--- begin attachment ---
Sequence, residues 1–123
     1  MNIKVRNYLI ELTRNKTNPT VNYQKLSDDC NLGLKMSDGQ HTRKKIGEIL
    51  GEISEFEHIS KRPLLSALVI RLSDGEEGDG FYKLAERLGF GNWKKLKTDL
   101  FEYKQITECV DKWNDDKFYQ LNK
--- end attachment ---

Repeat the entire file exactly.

Sequence, residues 1–123
     1  MNIKVRNYLI ELTRNKTNPT VNYQKLSDDC NLGLKMSDGQ HTRKKIGEIL
    51  GEISEFEHIS KRPLLSALVI RLSDGEEGDG FYKLAERLGF GNWKKLKTDL
   101  FEYKQITECV DKWNDDKFYQ LNK